Dani is a member of the Institute of Directors and the Waikato Chamber of Commerce.

Her personal interests include cooking, F45, reading, and enjoying family time at Waihi Beach.

Welcome Dani to our board of trustees.

National Best in Breast Care Conference

Every other year we organise a national conference for health professionals and allied health professionals in New Zealand that are involved with the care of people with breast cancer.  This year the conference was held at the Hamilton Gardens Pavilion on Friday 8th November. This was very well attended with 180 delegates coming from around the country, from as far north as Whangarei and as far south as Dunedin.

The conference was promoted amongst GPs this year and we had 15 GPs attend. Other attendees were nurses (Breast Care, Plastic Surgery, Theatre, District, Surgical, Oncology and Practice); radiation therapists, MITs (mammographers and ultra-sonographers), staff from Breast Screen Aotearoa and breast cancer support organisations as well as research staff from the Universities of Auckland & Waikato.

With local and national breast cancer specialists, general practitioners and consumers presenting, they all provided an excellent overview on current management of early and metastatic breast cancer. Topics included oncoplastic surgery, health literacy, survivorship, genetics and the Breast Screening Aotearoa programme.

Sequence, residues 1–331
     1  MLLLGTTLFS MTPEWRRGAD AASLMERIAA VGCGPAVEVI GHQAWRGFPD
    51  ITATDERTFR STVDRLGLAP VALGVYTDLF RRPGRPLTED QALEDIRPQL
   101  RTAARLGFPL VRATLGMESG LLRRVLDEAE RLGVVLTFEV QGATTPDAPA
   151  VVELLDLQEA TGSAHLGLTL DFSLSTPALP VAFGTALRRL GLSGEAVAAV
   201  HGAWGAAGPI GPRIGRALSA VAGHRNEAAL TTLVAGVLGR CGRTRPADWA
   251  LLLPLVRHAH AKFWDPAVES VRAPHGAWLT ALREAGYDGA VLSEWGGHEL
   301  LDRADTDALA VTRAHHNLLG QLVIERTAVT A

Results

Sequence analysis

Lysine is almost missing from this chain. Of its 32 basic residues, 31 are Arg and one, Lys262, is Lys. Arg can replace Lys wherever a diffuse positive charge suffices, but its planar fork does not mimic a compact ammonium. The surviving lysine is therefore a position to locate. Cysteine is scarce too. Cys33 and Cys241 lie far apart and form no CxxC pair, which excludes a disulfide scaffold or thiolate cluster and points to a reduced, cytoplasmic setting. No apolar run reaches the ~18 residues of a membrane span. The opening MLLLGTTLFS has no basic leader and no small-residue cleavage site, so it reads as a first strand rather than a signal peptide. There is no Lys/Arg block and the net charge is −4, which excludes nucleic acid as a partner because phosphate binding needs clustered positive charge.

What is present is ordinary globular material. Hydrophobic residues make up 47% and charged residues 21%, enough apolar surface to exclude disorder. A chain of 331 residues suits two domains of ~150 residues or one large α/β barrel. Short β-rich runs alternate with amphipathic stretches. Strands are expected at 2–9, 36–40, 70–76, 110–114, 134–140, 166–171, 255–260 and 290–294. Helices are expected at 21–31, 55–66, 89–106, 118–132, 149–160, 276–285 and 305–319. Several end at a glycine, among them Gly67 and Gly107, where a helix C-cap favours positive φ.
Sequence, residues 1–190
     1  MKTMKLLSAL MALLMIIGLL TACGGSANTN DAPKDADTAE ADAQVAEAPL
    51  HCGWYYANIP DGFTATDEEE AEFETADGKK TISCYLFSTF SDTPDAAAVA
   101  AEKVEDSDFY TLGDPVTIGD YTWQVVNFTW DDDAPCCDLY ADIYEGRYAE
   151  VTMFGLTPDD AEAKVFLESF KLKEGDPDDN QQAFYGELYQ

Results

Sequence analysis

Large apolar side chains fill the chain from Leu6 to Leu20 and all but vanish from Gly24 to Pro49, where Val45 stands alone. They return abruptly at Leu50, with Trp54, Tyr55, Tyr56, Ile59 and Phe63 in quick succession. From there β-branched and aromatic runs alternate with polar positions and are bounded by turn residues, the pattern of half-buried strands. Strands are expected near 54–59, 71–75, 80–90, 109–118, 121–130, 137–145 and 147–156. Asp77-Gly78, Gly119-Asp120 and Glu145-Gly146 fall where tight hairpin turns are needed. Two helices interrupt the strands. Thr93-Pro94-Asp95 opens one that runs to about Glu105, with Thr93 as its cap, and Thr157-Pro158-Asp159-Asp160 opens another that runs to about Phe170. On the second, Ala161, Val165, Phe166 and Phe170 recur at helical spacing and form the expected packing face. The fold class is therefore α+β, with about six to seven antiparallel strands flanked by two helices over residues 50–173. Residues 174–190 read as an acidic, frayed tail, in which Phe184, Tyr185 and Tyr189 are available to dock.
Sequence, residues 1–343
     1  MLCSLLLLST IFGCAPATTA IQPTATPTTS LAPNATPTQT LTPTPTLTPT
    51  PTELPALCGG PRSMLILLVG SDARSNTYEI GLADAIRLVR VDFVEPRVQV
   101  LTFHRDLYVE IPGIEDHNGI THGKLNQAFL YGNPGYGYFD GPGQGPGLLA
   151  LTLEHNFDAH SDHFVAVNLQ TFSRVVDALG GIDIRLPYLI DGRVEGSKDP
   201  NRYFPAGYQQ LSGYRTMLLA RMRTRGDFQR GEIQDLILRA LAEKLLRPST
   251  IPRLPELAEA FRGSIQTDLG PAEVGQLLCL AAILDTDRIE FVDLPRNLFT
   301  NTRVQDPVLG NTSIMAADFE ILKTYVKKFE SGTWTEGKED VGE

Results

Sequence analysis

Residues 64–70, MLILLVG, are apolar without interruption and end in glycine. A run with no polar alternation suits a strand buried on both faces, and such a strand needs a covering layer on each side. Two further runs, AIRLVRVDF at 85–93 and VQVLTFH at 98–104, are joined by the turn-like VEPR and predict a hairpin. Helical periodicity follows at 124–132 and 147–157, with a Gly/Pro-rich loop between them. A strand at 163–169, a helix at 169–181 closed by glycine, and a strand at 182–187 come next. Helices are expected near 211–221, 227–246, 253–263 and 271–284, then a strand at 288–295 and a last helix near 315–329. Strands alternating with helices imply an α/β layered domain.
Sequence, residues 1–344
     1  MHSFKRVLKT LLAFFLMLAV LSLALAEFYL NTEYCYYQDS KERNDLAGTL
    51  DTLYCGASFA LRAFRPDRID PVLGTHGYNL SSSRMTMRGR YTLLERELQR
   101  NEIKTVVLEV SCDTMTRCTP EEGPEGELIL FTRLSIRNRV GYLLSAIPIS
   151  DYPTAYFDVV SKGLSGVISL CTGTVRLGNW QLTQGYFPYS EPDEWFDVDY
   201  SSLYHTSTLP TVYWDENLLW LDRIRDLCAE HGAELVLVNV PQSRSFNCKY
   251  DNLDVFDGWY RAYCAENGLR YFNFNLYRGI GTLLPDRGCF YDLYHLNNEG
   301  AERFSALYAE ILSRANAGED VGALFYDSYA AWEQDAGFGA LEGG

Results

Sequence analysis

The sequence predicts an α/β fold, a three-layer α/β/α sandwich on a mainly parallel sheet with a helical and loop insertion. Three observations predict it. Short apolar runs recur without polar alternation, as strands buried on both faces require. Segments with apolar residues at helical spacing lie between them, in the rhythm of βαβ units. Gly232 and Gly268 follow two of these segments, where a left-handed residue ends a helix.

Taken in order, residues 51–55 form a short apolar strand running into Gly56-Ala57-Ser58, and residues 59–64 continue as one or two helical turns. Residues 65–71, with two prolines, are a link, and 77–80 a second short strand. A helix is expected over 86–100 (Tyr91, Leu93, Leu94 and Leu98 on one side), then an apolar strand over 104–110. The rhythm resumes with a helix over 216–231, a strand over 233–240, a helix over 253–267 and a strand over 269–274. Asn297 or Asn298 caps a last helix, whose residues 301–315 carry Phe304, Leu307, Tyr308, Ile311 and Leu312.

For the first time we had a panel discussion on the future role of general practice in shared care which invited questions from conference attendees. We also had our first international speaker, Professor Sandie McCarthy (Professor of Nursing, University of Queensland, Brisbane) who presented on the importance of women’s wellness after cancer. Professor McCarthy has been involved in research introducing health promotion utilising digital platforms and evidence-based information on healthy lifestyles.

Candy Atkinson (Breast Screen Midland Data Manager) was the final speaker of the day and presented on cultural considerations for working with Māori wāhine.  She left an impact on us all, with one delegate commenting that, “Candy as final speaker was great, very moving, and reminded us that we are all working together for the benefit of women”.

The generous sponsorship we received to manage conference logistics and costs enabled us to raise $12,000 for our clinical trials and research projects.